The Principality of Monaco Lures the Rich & Famous
Ahead of year-end events in Monaco, including this month’s Monaco Yacht Show below are some the best things to see and do in this land of million-dollar homes, packed yacht harbors and luxurious hotels & casinos.
The Principality of Monaco is lure for the rich and famous.
Billionaires, boat lovers and daring drivers seem to have spawned along this tiny strip of the Côte d’Azur, a pleasure pit stop of year-round illustrious events.
In the Spring, the Formula One Grand Prix seizes the snaky steep city streets.
The Monaco Yacht Show is set to draw plenty of international attention, with more than 100 of the world’s best boats on display at the picture-perfect Port Hercules.
The 11th-Edition, star-studded Monte-Carlo Jazz Festival will also make its vibrant mark, taking place at the Opéra Garnier Monte-Carlo before the end of Y 2016.
If you plan to travel there, take some time to appreciate the city-state’s Belle-Époque architecture and atmosphere.
The glamour of Monaco has not changed much since the 1920’s.
Modern Monégasques themselves add to the sense of poise and self-contentment. Many live in multi-million-dollar apartments or cream-coloured villas, all tightly fitted along the misty mountainous terrain.
Arrive by helicopter and enjoy views of the brilliant blue Mediterranean waters, meeting the densely populated bluffs and petite beaches of Monaco.
Depending on whom you ask, Monaco is divided into 5 or 7 districts.
Monte-Carlo is the legendary resort area; home to high style and high stakes. Even if you are not a gambler, the casino owned by the Monte-Carlo SBM group is worth a look.
Inside its gaming rooms, ceilings and walls are fully adorned with extravagant Gold and marble moldings, as well as grand allegorical paintings of lolling ladies and dapper men.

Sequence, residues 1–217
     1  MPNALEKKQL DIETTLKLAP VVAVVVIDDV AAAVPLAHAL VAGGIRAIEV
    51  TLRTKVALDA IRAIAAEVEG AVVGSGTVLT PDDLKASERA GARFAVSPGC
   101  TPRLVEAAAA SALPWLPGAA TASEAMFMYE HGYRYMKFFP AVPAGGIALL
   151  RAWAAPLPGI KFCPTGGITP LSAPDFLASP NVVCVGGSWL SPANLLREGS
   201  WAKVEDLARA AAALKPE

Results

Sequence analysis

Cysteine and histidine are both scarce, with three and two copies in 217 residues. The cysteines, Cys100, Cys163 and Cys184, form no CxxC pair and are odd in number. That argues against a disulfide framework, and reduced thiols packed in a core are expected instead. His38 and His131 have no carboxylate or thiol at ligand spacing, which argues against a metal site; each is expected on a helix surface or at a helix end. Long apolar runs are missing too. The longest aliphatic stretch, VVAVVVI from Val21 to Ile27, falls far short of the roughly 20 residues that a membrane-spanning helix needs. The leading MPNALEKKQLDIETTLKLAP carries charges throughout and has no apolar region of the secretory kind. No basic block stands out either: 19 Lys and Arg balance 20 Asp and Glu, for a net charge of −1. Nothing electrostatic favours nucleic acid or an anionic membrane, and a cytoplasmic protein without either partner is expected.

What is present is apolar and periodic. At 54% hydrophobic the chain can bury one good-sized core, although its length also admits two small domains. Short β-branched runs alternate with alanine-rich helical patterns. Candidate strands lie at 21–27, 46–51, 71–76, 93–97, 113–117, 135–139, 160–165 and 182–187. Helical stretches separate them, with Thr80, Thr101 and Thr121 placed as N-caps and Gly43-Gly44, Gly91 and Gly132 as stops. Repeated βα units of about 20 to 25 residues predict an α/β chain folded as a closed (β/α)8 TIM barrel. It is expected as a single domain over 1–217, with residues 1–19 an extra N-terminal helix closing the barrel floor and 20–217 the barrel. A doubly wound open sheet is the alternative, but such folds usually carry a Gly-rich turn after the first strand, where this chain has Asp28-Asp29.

Many 1st-time visitors naturally follow in the footstep of Princess Grace Kelly to the Princely Palace perched on Le Rocher (The Rock), a 62m-tall monolith and the heart of old Monaco.
A short walk from there, the Princess Grace Irish Library stands in true tribute to the famous movie star and granddaughter of an Irish bricklayer.
Princess Grace’s personal collection of Irish books form the very heart of the library’s collections. Visitors can likewise admire full-length commissioned portrait paintings, as well as rare pictures of the royal family captured by well-known artists and photographers.
Michelin-starred Blue Bay, helmed by Martinique-born chef Marcel Ravin, offers unique dishes for dinner. Choose to sit on the terrace for a breezy Mediterranean evening, with views of the shadowy waves in the distance. The fusion of Caribbean and Mediterranean cuisine is best captured on a plate of fish topped with rougail, a spicy tomato sauce. Flamboyant service is also observed.
To truly taste the flavor of Monaco, one must then head to the covered La Condamine food market.
A local specialty to try is socca, a traditional flat bread made from chick-pea flour, water, and olive oil. Typically cooked on a griddle, the thin pancake is a very popular street food among those from the South of France.
For coffee and a towering, ice-cream sundae, head to the popular Café de Paris Monte-Carlo. Similar to its Parisian conterpart, al fresco dining is bright and perfect for people-watching.
I always stay at the historic landmark Hôtel de Paris, a home away from home for European nobility since Y 1864 or at the Beach Club in the harbor area,
Have a terrific Holiday Season.